Sunday, July 1, 2007
Scouting Report: Tanzania
Getting the most from a safari demands careful planning given today‚’s baggage restrictions
Essential Gear. Besides a good digital SLR (or preferably two), a long lens is the one necessary piece of gear for this kind of trip. I have an old manual-focus 500mm ƒ/4 that was my staple lens in the film era, but with the 1.5x magnification factor of my Nikon D200, I’ve been using my 80-400mm ƒ/4-5.6 VR zoom lens more and more for this work. It’s much smaller and lighter (albeit a stop slower) than the 500mm, and with the magnification factor, it gives me the 35mm equivalent of a 600mm at the long end. I miss the speed on occasion, but not as much as I had feared, especially with the VR helping out in lower light.
I always carry an empty four- to six-liter-sized waterproof sack with me to Africa. Once I arrive, I make a quick stop at a market to buy eight pounds or so of dried beans or rice, and voila, I have a large, stable beanbag on which to brace my shooting rig on the roof of the Land Rover. This is a much more elegant solution than carrying a ready-made beanbag from home, because you’re not using up your precious baggage weight allowance carrying beans from the United States all over Africa!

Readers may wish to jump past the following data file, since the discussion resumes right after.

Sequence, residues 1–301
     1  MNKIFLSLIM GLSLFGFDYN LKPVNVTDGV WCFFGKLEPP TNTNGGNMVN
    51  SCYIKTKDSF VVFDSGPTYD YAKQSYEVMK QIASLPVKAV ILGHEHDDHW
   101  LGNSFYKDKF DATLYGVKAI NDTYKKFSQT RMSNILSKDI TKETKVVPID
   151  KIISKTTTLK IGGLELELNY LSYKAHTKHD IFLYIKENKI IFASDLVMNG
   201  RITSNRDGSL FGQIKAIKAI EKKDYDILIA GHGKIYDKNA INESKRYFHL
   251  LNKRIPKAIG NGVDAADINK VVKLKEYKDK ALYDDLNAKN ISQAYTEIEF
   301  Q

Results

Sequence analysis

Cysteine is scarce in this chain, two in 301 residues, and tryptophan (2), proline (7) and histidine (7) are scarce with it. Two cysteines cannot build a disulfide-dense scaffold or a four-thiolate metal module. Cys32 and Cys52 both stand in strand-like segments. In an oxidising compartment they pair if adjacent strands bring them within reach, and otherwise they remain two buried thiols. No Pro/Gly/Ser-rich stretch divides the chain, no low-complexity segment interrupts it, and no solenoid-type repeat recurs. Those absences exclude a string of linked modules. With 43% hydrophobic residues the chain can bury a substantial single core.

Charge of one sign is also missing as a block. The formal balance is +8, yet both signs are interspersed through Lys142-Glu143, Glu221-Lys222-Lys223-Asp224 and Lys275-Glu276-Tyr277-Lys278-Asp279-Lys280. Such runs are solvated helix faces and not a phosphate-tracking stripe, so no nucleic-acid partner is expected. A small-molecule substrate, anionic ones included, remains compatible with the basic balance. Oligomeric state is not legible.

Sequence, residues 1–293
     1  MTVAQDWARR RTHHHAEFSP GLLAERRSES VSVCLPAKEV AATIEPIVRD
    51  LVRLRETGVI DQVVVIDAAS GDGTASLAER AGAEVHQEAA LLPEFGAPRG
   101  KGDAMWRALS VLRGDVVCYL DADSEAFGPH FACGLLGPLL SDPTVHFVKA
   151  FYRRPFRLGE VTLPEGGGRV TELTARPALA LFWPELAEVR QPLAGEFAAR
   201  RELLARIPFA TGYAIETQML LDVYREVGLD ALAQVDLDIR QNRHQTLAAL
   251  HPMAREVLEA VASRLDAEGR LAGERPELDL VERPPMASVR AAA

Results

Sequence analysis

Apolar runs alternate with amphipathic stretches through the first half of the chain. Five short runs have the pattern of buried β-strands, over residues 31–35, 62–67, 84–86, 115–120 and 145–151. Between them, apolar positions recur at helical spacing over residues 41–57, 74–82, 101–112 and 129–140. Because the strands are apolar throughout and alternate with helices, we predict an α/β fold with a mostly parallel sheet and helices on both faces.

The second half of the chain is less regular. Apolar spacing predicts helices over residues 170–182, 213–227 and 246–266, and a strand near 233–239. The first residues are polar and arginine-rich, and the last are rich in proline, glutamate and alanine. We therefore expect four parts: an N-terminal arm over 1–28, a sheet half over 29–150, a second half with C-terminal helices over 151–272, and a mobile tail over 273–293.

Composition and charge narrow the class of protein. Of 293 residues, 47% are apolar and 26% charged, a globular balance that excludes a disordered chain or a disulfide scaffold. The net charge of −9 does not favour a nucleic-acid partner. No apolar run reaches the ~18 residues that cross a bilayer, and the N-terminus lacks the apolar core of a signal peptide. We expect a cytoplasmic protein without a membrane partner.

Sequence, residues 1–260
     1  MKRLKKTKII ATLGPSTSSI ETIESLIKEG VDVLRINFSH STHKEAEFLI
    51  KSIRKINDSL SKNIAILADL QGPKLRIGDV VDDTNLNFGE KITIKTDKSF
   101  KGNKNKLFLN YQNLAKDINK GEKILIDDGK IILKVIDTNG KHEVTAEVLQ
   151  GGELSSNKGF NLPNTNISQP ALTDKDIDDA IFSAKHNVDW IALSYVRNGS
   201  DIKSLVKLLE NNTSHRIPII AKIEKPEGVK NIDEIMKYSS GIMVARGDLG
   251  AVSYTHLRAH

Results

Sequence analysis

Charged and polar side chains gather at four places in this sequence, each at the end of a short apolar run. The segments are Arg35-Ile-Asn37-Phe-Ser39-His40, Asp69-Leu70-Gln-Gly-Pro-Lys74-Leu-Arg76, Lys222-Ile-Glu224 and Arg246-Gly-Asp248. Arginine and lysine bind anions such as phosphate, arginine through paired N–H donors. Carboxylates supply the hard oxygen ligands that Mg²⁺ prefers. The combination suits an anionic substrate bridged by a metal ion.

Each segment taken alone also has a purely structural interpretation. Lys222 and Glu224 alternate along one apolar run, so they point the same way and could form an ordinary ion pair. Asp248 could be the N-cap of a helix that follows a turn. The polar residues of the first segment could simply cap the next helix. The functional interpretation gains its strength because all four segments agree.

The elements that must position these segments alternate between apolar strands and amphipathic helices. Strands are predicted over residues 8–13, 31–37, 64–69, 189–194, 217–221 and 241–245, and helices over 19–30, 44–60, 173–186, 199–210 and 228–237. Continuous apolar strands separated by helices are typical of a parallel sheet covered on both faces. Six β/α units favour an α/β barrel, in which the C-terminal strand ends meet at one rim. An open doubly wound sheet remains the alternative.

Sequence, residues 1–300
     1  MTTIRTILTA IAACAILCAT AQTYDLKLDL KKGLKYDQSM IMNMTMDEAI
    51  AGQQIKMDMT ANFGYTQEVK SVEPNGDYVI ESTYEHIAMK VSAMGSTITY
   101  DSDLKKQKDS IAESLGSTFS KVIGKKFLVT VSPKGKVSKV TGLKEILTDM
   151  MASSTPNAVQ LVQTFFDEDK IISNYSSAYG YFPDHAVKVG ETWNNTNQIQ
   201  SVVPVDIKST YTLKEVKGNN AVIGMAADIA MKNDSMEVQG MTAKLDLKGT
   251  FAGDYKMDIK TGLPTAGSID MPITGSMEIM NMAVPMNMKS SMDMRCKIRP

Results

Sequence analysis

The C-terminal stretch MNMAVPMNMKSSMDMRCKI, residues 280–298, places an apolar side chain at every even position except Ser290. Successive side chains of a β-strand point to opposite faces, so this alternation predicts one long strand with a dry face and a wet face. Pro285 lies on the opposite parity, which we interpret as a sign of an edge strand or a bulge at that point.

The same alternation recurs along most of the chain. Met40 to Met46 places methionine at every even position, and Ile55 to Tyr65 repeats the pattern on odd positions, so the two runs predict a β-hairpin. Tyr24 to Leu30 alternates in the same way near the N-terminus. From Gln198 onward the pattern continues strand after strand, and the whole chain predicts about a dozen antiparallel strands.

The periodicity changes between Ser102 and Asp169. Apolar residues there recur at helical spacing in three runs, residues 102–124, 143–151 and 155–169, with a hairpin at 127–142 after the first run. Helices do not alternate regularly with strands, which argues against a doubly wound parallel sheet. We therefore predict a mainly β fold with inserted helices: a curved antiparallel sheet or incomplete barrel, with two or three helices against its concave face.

A beanbag is much more useful than a tripod or monopod because most of your game viewing in East Africa is done through the pop-top roof of a Land Rover, so there‚’s a ready shelf at just the right height on which to brace the beanbag. If your quarry isn‚’t moving (like, say, a lion that has just eaten or is resting), you’d be surprised at how low you can go in shutter speed with a long lens firmly braced on a large beanbag. This stability, along with the help of Vibration Reduction or Image Stabilization technology, makes up quite a bit for the lack of a fast ƒ/4 or ƒ/2.8 aperture of the larger, heavier lenses.
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